Jewish Journal


May 10, 2011

Words from the heart… but not too many


Jeremy would be standing in front of 220 people the next day, including colleagues, friends, family and his bride. As he walked the streets, the groom-to-be mentally composed his wedding speech. The following evening, without missing a single beat, Jeremy had the audience in fits of laughter and bouts of tears as he delivered a sincere, witty and memorable speech.

Most of us cannot – and should not – think that inspiration will strike us at the last minute. In fact, when Jeremy’s close friend, Simon, got up to speak without much preparation at his own wedding, his mind went blank. Simon made some lame jokes, mumbled on and finally freed up the stage for his best man.

Many of us will eventually find ourselves standing up during a wedding to give a speech — bride or groom, parent, grandparent or friend alike. With all eyes on you, it’s important to be prepared, composed and ready.

Here are some tips to help anyone craft the perfect, memorable wedding speech.

What not to do!

• Once it’s written, keep your speech safe. Rivka was at a wedding where the groom got too close to a candle and burned his notes.

• If you’re called on to give a toast, make sure you get the names right. At Rose and Roni’s wedding, the father of the groom mistakenly toasted Rose and Donny (brother of the groom).

• Don’t overdo the superlatives. Josh told us, “At one of my closest friends’ wedding, he kept referring to his new wife as ‘my darling.’ ” He said some people tuned out while others started taking bets as to how many times he would say ‘my darling.’ ”

• Some things should not be shared in public. Sam was at a wedding where one of the mothers announced where she had conceived her son (the groom).

• Be generous with giving praise, and be gracious when receiving praise. Jen told us, “My husband only mentioned me the first time eight-and-a-half minutes into his 10-minute speech. When I praised him in my speech, he was caught in the act of eating a huge mouthful of smoked salmon.”


When it comes to speeches, be guided by a wise principle: Less is more.

“My father told me that I should speak for no more than 10 minutes. When he said that, I was blown away because I have often heard him ramble on for 20. But I thought the advice was wise, and that’s what I aimed for,” Jeremy said.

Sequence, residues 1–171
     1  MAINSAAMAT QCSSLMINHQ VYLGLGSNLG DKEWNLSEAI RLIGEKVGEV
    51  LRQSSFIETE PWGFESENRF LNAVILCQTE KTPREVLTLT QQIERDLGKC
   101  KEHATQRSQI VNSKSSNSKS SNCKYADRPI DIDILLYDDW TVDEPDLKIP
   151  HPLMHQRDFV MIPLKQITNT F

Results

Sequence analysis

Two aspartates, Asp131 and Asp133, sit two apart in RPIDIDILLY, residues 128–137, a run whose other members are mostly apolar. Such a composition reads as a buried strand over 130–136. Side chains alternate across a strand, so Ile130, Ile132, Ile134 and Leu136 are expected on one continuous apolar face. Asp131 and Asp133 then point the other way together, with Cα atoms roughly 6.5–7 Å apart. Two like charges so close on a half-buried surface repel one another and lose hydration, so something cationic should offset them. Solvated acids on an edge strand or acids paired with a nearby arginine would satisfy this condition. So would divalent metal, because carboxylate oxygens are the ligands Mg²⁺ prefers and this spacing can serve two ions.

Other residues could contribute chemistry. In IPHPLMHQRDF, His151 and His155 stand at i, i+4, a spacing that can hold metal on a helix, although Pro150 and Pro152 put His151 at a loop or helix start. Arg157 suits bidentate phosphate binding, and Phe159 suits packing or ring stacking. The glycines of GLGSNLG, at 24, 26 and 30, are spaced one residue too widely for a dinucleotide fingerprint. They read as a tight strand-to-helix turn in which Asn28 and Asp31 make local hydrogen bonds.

Timing is also about when you speak.

In an unconventional move, Erez and his bride, Lee, walked together to the chuppah. Just before they stepped up to the bimah, the music stopped and they turned around to face their family and friends.

“These are our last moments before we seal our marriage in Jewish law. Lee and I would like to stop time and dwell upon the magnitude of this moment,” Erez said.

At that point, both bride and the groom shared some short thoughts about their impending marriage before continuing to the chuppah.


If you’re the bride or groom, you can share some wise ideas — ideally based on Jewish wisdom.

Michael remembers that he mentioned the qualities of fire, which related to the parasha of the week. In a marriage, he said, one must be careful not to be fiery — impulsive and destructive. He still remembers his own words 25 years later and tries to heed them at challenging moments.

You will also want to include thank yous — to parents, in-laws, rabbis, people who helped you in your relationship and, of course, to your new husband or wife. “Words that come from the heart will enter the heart,” according to the talmudic saying. Be generous with praise, and choose each word of your personal message to capture the essence of the person you are speaking about. When you address your partner, you can express some of your hopes for your relationship as you embark on your new life together. 

If you’re a guest speaker, your job is to “touch” the couple by sharing a meaningful thought and kind words. You could impart some advice or tell a personal story. When Sharon spoke at her best friend’s wedding, she elicited some chuckles when reminding her that in elementary school they had a mock wedding and “technically” were still married. (Of course don’t get too personal and divulge information that shouldn’t be shared in such a public forum!)

Often people want their speech to be memorable for its humor. Our advice is don’t try to be funny if you can’t pull it off. The most memorable speech is when the speaker stays true to who he or she is, genuine and sincere. 


Scott decided that instead of a speech, he would serenade his wife in song. He composed and performed his own music and lyrics. She loved it, but most of us won’t be singing.

To deliver your speech well, you need to know the 3-P rule: practice, practice, practice. You should plan your speech well in advance, write it up word for word, and rehearse it. When you feel you have the speech memorized, you can find someone to be your pretend audience and practice in front of that person. If you are nervous on the night of the wedding, it may calm you to focus on that person’s friendly and encouraging face. 

Bottom line: If you’re the bride or groom, the parent, grandparent, best man or maid of honor, be prepared, be sincere, and remember: Practice! Practice! Practice! 

Tali Tarlow and Debbie Last run a speech-writing consultancy service for all lifecycle occasions at yourjewishspeech.com.

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